Portland State University. Department of Electrical and Computer Engineering
Date of Publication
Master of Science (M.S.) in Electrical and Computer Engineering
Electrical and Computer Engineering
Androids -- Design and construction, Robots -- Design and construction, Computer vision, Robots -- Kinematics, Robots -- Motion
1 online resource (viii, 137 pages)
The overall objective of this thesis is to build an integrated, inexpensive, human-sized humanoid robot from scratch that looks and behaves like a human. More specifically, my goal is to build an android robot called Marie Curie robot that can act like a human actor in the Portland Cyber Theater in the play Quantum Debate with a known script of every robot behavior. In order to achieve this goal, the humanoid robot need to has degrees of freedom (DOF) similar to human DOFs. Each part of the Curie robot was built to achieve the goal of building a complete humanoid robot. The important additional constraints of this project were: 1) to build the robot from available components, 2) to minimize costs, and 3) to be simple enough that the design can be replicated by non-experts, so they can create robot theaters worldwide. Furthermore, the robot appears lifelike because it executes two main behaviors like a human being. The first behavior is tracking where the humanoid robot uses a tracking algorithm to follow a human being. In other words, the tracking algorithm allows the robot to control its neck using the information taken from the vision system to look at the nearest human face. In addition, the robot uses the same vision system to track labeled objects. The second behavior is grasping where the inverse kinematics (IK) is calculated so the robot can move its hand to a specific coordinate in the surrounding space. IK gives the robot the ability to move its end-effector (hand) closer to how humans move their hands.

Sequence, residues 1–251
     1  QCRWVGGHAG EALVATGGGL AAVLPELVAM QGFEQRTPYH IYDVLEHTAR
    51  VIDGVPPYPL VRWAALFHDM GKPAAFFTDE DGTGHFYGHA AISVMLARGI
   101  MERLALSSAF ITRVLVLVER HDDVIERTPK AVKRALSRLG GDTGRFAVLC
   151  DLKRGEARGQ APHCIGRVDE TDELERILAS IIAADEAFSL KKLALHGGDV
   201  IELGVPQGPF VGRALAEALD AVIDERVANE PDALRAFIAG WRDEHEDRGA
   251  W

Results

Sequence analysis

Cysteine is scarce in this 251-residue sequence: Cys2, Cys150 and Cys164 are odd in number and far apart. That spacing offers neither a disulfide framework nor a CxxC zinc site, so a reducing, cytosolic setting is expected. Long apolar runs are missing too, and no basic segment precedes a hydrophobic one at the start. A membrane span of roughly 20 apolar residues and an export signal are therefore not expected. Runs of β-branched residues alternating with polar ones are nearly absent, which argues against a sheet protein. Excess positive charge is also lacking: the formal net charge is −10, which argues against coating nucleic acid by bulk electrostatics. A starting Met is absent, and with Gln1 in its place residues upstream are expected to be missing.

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Alkhulayfi, Khalid Abdullah, "Vision-Based Motion for a Humanoid Robot" (2016). Dissertations and Theses. Paper 3176.